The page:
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IRANIAN WOMEN AFTER THE ISLAMIC REVOLUTION

Ansiia Khaz allii


More than thirty years have passed since the triumph of the Islamic Revolution in Iran, yet there remain a number of questions and ambiguities about the way the Islamic Republic and its laws deal with contemporary problems and current circumstances, particularly with regard to women and women’s rights. This short paper will shed light on these issues and study the current position of women in various spheres, comparing this to the situation prior to the Islamic Revolution. Reliable and authenticated data has been used wherever possible. The introduction summarises a number of theoretical and legal studies which provide the basis for the subsequent more practical analysis and are the sources from where the data has been obtained.
The first section considers attitudes of the leadership of the Islamic Republic of Iran towards women and women’s rights, and then takes a comprehensive look at the laws promulgated since the Islamic Revolution concerning women and their position in society. The second section considers women’s cultural and educational developments since the Revolution and compares these to the pre-revolutionary situation. The third section looks at women’s political, social and economic participation and considers both quantative and qualitative aspects of their employment. The fourth section then examines questions of the family, the relationship between women and the family, and the family’s role in limiting or increasing women’s rights in the Islamic Republic of Iran.

The Egyptian blogosphere: home of a new feminism

Laura Pitel

Has there been a time in your life when you experienced, felt or even heard about a story at the heart of which lay the oppression of a woman because she, a female, lives in a male society?1These were the first words of an email sent in 2006 to Egypt‟s female bloggers, calling upon them to speak out about the problems faced by women in their society. The authors of the invitation were a group of five female Egyptian bloggers who, weeks earlier, had begun We are all Laila – a blogging initiative set-up in order to shed light on the frustrations of being a woman in a patriarchal society. On 9th September, over 70 bloggers contributed to We are all Laila day, successfully creating a storm both in the world of blogging and beyond.The group formed at a time of enormous growth in Egypt‟s online sphere. The popularity of blogs – websites usually run by an individual, made public for anyone to read – took off in the three years up to 2007: pre-2005 there were around 40 Egyptian blogs,2 by 2005 there were about 400,3 and by September 2006 that number is estimated to have been 1800.4 This parallels the growth in the global blogosphere5 which was home to 70 million blogs by April 2007.

γυναίκες, work, and Islam in Arab societies

Yusuf Αυτή η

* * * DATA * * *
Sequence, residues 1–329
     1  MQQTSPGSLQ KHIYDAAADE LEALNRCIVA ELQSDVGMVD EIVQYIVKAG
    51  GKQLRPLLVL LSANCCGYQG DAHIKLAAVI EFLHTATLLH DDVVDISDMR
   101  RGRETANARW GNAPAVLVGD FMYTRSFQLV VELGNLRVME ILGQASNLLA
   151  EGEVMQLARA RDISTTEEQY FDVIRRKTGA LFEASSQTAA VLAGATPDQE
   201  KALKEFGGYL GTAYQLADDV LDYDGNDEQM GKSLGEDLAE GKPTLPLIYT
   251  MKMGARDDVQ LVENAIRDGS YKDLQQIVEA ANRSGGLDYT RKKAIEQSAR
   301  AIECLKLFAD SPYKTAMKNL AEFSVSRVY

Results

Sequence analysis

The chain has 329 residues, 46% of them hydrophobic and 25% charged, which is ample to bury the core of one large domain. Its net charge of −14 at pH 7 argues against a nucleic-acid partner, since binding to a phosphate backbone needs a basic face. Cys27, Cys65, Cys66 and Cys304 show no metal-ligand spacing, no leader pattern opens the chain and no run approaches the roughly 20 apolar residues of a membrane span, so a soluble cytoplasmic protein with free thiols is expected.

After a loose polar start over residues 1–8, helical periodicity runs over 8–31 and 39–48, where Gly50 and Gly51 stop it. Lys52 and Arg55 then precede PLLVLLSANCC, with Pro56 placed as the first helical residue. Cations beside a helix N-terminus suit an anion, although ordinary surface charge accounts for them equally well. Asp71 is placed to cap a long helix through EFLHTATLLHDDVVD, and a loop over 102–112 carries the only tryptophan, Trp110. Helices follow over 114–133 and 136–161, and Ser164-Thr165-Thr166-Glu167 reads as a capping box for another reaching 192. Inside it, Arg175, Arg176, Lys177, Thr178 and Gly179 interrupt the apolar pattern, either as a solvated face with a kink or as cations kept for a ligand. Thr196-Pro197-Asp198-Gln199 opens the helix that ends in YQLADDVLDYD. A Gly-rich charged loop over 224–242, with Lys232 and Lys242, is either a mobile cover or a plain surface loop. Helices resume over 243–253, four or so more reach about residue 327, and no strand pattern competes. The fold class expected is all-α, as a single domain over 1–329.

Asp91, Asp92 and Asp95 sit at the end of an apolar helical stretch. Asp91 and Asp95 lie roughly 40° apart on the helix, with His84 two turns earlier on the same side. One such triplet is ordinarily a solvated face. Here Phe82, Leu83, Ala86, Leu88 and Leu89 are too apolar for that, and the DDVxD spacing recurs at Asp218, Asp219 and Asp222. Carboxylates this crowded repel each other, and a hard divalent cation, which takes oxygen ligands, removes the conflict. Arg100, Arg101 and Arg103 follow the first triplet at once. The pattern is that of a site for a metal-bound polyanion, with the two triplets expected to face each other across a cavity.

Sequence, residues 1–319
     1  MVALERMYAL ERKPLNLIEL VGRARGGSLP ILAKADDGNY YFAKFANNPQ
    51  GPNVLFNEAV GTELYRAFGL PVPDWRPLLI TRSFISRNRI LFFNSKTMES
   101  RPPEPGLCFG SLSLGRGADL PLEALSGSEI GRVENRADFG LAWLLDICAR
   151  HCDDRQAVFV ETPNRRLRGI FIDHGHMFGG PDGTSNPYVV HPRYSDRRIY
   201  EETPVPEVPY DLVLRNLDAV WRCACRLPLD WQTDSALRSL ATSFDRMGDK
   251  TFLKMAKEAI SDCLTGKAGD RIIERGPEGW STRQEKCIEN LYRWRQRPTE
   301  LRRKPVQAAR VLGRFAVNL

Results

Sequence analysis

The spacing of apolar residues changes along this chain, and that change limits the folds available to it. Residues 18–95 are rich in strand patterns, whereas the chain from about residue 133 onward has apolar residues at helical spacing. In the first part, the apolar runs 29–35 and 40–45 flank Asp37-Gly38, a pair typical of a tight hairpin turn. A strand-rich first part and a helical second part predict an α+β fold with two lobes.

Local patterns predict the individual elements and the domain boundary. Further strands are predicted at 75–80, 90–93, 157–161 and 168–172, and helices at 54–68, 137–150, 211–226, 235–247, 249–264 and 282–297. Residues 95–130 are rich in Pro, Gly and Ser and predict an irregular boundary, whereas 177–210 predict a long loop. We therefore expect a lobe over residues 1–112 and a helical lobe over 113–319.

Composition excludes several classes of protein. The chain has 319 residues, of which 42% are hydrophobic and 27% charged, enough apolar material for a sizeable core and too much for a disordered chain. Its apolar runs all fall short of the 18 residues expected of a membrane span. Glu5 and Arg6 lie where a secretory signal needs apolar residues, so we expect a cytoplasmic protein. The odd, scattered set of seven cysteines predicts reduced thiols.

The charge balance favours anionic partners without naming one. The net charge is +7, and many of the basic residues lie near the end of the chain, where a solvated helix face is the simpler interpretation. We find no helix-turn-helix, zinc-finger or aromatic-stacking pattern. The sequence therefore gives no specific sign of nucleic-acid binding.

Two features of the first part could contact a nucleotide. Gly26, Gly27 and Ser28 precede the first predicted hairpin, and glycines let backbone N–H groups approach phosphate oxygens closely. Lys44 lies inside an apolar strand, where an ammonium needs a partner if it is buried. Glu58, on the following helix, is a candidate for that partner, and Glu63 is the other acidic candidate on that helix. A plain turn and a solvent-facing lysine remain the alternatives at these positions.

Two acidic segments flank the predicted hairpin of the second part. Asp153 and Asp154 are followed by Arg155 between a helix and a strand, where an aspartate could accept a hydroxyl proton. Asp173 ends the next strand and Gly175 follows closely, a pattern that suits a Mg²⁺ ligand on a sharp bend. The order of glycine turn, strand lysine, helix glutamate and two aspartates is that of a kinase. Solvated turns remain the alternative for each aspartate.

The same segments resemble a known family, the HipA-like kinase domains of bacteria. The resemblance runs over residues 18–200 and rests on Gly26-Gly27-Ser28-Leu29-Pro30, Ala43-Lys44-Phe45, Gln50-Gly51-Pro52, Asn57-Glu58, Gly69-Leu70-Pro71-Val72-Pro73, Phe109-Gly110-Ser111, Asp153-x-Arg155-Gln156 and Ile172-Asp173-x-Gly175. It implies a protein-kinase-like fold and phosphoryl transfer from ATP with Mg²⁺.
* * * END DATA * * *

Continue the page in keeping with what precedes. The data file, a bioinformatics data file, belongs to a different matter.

Arab societies are currently in a state of confusion. Problems of underdevelopment,inequity, institutional deficiencies, and illiteracy are rampant (Arab HumanDevelopment Report, 2002). Arabs seem to be in a futile search for a new identity ina world that is transforming: power structures are shifting, societal expectations arechanging, and male-female relations are developing. The Arabs seem to yearn for anew identity that does not displace them from their roots, and at the same timeconnects them to the future; the search seems incessantly fruitless. Even non-Arabsseem to be confused about the issue. Vivid movie images mostly portray the Arab maleas a primitive, fanatic, brutal, lunatic, vicious, and splendidly prosperous individualwhile the Arab woman is portrayed as a belly dancer or whore, a veiled submissivemember of a luxurious harem, or a speechless oppressed character with no identity(Boullata, 1990). The political developments of the past few years did not help bringabout a better image. The rise of Islamic activism, end of the cold war, Huntington’s“clash of civilizations” supposition, and the events of 11th September only reinforcedthe bewilderment and confusion.In addressing the notion of women’s participation in the business and politicalarenas in Arab societies, conflicting remarks are brought forward. Some refer to therole of culture and the prevailing religion in the area – Islam and interpretations ofIslam – as possible reasons for such lack of participation (El-Saadawi, 1997; Mernissi,1991). Ισλάμ, it is asserted, is not merely a set of beliefs and rituals but is also a socialorder that has an all-pervading influence on its followers (Weir, 2000). This essayattempts to present varying discourses pertaining to women’s work and how it isimpacted by interpretations of Islam. We present current discourses from variousviewpoints including Muslim scholars on the one hand and active feminists on theother hand. We address the disagreements that exist in the camps of the religiousscholars in their interpretations of religious texts impacting women and their work. Inaddition, we tackle the feminist discourse pertaining to the role of Islam, orunderstandings of Islam, in their participation and development.